Feb 25, 2006

True To Form: Sex Pistols Tell Rock And Roll Hall Of Fame To Stick It


(New York) Despite a coveted induction into the Rock and Roll Hall of Fame, punk band the Sex Pistols refused to participate in the ceremonies.

They did so in characteristically punk fashion, as well; the band posted a handwritten, crudely-worded decline to the invitation on their website, The Filth and the Fury.

"Next to the SEX PISTOLS rock and roll and that hall of fame is a piss stain," the statement reads. "Your museum. Urine in wine. Were [sic] not coming. Were [sic] not your monkey and so what?"

The ceremonies are to be held March 13 at the Waldorf-Astoria in New York. The band lashed out at the fact that main floor tables are selling for $25,000 apiece, while "to sqeak up in the gallery" requires the payment of $15,000.

The Sex Pistols were one of the most influential of English punk bands, despite the fact that they released only two studio albums. The band achieved recognition through iconoclastic punk songs like "God Save The Queen," and no other band - punk or otherwise - of the era made such a lasting impression on British pop culture.

Some might view the band's response to the invitation a predictable act of faux defiance from the band to strengthen their punk credibility, but I find that the rhetorical condemnation of the excesses of the music industry to be heartening.

From the Sex Pistols song "The Great Rock and Roll Swindle" (1977):

E.M.I. said you're out of hand
And they gave us the boot
But they couldn't sack us, just like that
Without giving us the loot

Thank you kindly A & M
They said we were out of bounds
But that ain't bad for two weeks work
And 75,000 pounds

The time is right to do it now
The greatest rock'n'roll swindle
The time is right to do it now


Anonymous said...

One of the truly great punk bands. I am glad they stood up against corporate rock.

-- Petrograde

Anonymous said...

The Sex Pistols only released one proper studio album but regardless, I applaud them for this move. They still know how to cause a comotion.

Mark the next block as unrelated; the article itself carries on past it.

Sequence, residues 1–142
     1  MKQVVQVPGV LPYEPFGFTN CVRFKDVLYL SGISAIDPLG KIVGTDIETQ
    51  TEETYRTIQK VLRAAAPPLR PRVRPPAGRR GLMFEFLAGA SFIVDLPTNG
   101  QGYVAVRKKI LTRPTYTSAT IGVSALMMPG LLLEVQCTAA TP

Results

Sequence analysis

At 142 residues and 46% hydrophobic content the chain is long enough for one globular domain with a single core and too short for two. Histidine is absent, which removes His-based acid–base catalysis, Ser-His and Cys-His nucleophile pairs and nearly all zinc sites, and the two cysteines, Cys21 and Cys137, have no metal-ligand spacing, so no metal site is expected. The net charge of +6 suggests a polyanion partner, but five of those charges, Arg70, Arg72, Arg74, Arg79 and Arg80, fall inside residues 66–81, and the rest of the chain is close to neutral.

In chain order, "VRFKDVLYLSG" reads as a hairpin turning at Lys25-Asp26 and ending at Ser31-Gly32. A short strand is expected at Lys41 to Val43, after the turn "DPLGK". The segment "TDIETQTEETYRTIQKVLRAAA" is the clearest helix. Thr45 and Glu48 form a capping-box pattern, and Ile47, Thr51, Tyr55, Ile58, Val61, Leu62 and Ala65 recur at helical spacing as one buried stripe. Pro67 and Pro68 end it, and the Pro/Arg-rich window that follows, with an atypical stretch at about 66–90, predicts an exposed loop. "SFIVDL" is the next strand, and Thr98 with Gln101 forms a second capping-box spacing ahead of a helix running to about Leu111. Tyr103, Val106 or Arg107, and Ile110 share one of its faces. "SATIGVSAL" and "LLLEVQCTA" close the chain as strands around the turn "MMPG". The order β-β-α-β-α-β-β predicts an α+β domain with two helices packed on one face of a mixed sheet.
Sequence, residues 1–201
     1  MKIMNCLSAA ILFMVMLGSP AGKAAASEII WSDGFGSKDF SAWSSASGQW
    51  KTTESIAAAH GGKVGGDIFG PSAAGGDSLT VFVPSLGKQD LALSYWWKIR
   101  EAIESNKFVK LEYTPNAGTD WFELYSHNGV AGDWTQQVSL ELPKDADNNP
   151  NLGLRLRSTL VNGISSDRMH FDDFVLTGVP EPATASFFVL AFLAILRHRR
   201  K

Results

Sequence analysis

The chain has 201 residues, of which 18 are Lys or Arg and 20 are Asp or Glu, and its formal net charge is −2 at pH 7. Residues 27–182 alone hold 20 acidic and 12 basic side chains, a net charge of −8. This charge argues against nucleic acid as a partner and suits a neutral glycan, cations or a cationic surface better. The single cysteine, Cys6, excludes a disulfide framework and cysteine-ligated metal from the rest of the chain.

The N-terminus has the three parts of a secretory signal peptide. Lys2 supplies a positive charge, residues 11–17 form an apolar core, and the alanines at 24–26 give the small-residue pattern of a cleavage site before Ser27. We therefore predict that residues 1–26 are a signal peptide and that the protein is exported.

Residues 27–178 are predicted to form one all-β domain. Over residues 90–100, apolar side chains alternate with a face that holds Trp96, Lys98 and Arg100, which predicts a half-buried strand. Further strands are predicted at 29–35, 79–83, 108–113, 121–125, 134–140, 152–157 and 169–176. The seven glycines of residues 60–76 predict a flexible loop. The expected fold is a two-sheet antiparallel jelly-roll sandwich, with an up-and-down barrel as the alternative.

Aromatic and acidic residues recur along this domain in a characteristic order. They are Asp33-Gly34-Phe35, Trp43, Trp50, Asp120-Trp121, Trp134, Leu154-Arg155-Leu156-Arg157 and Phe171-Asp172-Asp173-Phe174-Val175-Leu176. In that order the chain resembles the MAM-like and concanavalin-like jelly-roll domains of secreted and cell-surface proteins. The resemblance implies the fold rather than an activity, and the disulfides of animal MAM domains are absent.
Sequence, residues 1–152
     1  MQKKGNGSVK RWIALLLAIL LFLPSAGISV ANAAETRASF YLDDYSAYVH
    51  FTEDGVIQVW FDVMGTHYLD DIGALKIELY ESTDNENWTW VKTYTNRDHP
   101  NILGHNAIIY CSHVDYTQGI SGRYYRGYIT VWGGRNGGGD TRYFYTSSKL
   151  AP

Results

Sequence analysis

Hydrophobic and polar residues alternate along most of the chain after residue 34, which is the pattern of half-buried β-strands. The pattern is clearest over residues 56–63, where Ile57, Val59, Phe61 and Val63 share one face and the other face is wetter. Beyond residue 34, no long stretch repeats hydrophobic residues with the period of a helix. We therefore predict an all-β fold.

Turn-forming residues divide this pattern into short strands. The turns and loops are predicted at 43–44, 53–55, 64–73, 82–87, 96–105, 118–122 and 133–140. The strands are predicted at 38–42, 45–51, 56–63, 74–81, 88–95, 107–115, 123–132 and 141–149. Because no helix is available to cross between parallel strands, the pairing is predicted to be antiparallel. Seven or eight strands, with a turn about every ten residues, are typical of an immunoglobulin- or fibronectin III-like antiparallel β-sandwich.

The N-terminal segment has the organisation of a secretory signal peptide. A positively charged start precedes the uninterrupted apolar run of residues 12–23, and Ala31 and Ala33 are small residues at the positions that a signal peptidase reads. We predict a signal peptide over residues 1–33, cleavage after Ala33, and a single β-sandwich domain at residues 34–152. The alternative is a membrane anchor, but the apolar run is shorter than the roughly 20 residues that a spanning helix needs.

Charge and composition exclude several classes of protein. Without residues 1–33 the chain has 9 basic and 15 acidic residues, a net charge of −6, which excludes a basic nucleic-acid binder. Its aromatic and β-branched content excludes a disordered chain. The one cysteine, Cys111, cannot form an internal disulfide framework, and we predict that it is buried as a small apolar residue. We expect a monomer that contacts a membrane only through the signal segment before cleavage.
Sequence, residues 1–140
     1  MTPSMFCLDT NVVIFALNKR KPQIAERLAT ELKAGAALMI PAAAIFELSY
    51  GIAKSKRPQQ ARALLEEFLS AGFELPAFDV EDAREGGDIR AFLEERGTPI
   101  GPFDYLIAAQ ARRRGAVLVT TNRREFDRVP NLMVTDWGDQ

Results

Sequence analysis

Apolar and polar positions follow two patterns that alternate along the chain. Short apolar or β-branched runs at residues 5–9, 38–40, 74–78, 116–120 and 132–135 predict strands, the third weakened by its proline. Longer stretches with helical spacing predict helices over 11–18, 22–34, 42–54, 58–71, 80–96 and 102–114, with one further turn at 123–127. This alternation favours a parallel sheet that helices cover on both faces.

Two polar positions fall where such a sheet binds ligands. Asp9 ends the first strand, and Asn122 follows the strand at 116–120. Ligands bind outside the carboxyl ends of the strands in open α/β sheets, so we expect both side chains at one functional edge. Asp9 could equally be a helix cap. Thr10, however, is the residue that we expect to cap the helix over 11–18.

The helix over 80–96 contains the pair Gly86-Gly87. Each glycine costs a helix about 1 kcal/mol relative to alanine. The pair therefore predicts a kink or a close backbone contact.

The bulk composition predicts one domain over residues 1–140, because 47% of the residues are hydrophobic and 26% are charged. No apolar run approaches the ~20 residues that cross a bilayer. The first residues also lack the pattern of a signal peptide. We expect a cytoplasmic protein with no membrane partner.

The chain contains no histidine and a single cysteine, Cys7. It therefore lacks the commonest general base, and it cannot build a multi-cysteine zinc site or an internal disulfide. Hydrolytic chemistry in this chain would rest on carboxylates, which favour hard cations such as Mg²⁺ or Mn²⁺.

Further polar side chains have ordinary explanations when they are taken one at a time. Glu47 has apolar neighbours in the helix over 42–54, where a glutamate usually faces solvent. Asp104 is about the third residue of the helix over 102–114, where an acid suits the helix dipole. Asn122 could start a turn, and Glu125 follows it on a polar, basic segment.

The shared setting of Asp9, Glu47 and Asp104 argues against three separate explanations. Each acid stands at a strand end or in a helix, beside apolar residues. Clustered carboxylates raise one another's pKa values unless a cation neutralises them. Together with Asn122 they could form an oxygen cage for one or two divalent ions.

The ceremony should be in Cleveland anyway!

Lisa Renee said...

Yet, other groups that have issues with the way it's done still have class...It sounds like the Sex Pistols issue is the table cost.

During his induction speech, guitarist Mick Jones said he was accepting the award on behalf of all the garage bands out there that might never have thought a moment like this would be possible. Paul Simonon, former Clash bassist and now a successful painter, told Rolling Stone that he had no intention of going to the Hall of Fame. "But when Joe died," he was quoted as saying, "I thought we should all go together, for his family, for all of us." These are all honorable, valid reasons that shouldn't be scrutinized. As far as I'm concerned, the Rock and Roll Hall of Fame is neither valid nor important but the reason I had decided to go and cover it was because I have a lot of respect for The Clash and wanted to document what might be the remaining members' final moment in the spotlight together. After speaking to Chimes that morning, I'd have felt like a rat wearing that shirt on a night when he and his ex-bandmates deserved to feel only honored and appreciated. In his induction speech, Terry Chimes paid tribute to Topper Headon, the Clash's other drummer who did not come to New York for the induction ceremony even though he was being inducted as part of the group. It was a very classy gesture.

Punk Magazine 2003

historymike said...

I admit that I loved the Clash tribute, too.

I especially liked the "London Calling" rendition featuring the likes of Bruce Springsteen and Elvis Costello.

Lisa Renee said...

There have been others who have refused to attend, some because of the price as well as their disagreement with the way people are selected. Considering some of the statements the Sex Pistols have made like calling it the Rock and Roll Hall of Shame? At least they are true to their feelings about it.


ps...I like the Clash too